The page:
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Hi, everyone.  Since I had the day off from school, I
figured that I would give you some of my thoughts on
tournaments and how to prepare for them, along with
some of my do's and don'ts (I can't believe that's
what Word's spelling was), that might help you out
with the Pre-Release this weekend. 

1. Get lots of sleep the night before.  Pretty
obvious, but you'd be amazed at how often people
overlook this step.

2. Don't try to prepare at the last possible moment.
If you and your teammates or friends are going to do
some playtesting with the new cards you get, pack your
decks in your bag the night before. 

3. Don't forget either your DCI card or your money.
These two things are probably the most important
things at a Pre-Release. 

4. Eat a good breakfast before you go.  No, McDonald's
doesn't count.  Actually, you probably want to avoid
crappy food like this due to its ability to play with
your stomach. 

5. For tournaments in general, don't switch to a new
deck or change your deck around right before the
tournament unless you've tested it extensively.  I did
this last week and went a dismal 2-2 since I tried to
substitute cards I couldn't find with others I had
never tried before. 

6. Try to relax while you're playing and don't let
other people bother you while you're going at it with
your foe.  If someone is bothering you, don't be
afraid to call a judge over and deal with the problem.

7. Don't be pompous.  This is more of a plea than a
guideline.  I can't stand people that get all uppity
as soon as you start to play.  Another related problem
is rules lawyering people.  If you're in a Pro Tour,
go for it.  In a REL 1 (Rules Enforcement Level 1)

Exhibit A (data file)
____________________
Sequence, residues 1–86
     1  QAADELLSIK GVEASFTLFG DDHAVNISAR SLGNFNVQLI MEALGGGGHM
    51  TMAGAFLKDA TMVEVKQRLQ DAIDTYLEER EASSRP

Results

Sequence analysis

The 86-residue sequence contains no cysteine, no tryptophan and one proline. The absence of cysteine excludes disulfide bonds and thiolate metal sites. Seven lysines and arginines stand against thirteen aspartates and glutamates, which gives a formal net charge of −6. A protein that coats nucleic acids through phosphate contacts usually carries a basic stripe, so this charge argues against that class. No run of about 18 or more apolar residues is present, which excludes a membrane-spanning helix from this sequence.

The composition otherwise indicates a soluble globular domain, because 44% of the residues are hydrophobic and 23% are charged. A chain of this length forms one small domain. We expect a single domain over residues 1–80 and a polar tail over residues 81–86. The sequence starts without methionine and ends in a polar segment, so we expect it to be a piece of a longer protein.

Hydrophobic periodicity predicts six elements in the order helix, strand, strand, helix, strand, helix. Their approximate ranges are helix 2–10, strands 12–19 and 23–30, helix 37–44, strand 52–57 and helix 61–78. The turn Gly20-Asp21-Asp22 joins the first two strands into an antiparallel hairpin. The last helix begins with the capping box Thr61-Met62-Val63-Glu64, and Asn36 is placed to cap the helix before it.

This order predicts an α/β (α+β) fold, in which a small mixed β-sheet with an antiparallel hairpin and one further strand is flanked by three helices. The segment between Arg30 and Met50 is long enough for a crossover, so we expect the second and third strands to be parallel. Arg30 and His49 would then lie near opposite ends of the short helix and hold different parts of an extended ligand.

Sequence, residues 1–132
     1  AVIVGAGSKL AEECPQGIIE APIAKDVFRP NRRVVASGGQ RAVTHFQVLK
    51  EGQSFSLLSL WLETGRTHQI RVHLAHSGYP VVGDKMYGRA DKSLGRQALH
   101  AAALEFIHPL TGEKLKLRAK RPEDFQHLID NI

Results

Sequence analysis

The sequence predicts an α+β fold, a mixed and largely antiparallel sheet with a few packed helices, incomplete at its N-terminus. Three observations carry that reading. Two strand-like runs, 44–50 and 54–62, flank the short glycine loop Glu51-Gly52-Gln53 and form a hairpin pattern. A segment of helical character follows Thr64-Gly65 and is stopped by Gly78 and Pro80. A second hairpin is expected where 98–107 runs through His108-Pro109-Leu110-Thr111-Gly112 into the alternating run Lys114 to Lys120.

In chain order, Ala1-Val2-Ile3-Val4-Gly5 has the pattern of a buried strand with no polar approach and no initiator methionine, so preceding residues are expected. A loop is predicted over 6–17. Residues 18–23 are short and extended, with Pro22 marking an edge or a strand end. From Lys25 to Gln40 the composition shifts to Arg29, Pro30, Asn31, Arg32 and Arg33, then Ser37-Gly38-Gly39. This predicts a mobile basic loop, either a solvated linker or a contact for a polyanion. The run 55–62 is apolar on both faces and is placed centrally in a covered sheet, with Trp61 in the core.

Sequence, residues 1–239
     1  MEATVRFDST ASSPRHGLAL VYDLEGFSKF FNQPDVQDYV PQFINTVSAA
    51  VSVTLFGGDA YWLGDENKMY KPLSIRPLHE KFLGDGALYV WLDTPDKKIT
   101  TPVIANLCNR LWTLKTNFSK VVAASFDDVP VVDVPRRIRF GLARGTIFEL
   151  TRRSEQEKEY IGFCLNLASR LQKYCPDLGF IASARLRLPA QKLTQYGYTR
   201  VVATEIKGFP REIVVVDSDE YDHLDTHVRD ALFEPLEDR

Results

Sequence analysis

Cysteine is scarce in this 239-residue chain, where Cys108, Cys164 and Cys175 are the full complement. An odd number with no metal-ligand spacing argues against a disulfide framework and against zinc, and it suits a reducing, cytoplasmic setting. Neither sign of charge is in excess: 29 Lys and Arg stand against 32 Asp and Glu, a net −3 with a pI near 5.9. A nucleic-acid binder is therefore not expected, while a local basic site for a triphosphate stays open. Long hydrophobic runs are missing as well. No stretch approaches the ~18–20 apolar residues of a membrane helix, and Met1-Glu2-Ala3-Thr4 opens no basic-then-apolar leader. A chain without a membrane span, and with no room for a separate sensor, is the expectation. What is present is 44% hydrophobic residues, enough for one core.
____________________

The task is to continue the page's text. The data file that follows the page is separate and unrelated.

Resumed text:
tournament, many people that usually wouldn't play in
tournaments will show up.  These people aren't going
to have an encyclopedic knowledge of the rules, so it
wouldn't be fair, or ethical, to try to play with
their minds by using their rules knowledge against
them.  For those of you who don't know the rules all
that well, if someone does this to you and you think
that they may be cheating you, call a judge.  They
also might tell the person to let up on you.  This is
a fun tournament, not one for $30,000 or full of Kai

8. Try to go with friends or teammates.  No, this
isn't a warning from the police, it's just that you
will probably have more fun if you're not alone.
Also, it makes doing well in drafts a lot easier if
you know how to work together in drafts.

9. Help out any newer people you see.  I'm sure all of
the more experienced players remember being new to the
game.  People that had finely tuned, 60-card weapons
of mass destruction stomped on you and your 200-card
deck.  It wasn't very fun, at least I didn't think so.
 Helping others out might mean giving up some of your
extra commons, but just remember that they're going to
a good cause.  This is also a good way to meet new
people and, possibly, future friends.

Well, I hope this helps at least a few of you on your
gaming endeavors.  Good luck to everyone at the

Until next time, keep 'em legal,




Copyright 2001 Pojo.com

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